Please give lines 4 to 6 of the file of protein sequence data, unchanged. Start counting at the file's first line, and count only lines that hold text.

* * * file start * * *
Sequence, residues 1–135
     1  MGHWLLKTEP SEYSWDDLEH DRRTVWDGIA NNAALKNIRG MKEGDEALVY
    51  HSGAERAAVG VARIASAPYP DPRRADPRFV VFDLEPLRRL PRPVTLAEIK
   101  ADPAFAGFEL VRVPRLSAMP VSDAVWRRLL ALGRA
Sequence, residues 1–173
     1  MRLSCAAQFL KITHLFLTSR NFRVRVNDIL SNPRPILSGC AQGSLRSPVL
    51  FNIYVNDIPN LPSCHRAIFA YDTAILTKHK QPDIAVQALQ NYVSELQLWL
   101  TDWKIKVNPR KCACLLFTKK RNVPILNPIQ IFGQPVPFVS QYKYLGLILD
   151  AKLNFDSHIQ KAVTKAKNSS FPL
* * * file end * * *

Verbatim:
   101  ADPAFAGFEL VRVPRLSAMP VSDAVWRRLL ALGRA
Sequence, residues 1–173
     1  MRLSCAAQFL KITHLFLTSR NFRVRVNDIL SNPRPILSGC AQGSLRSPVL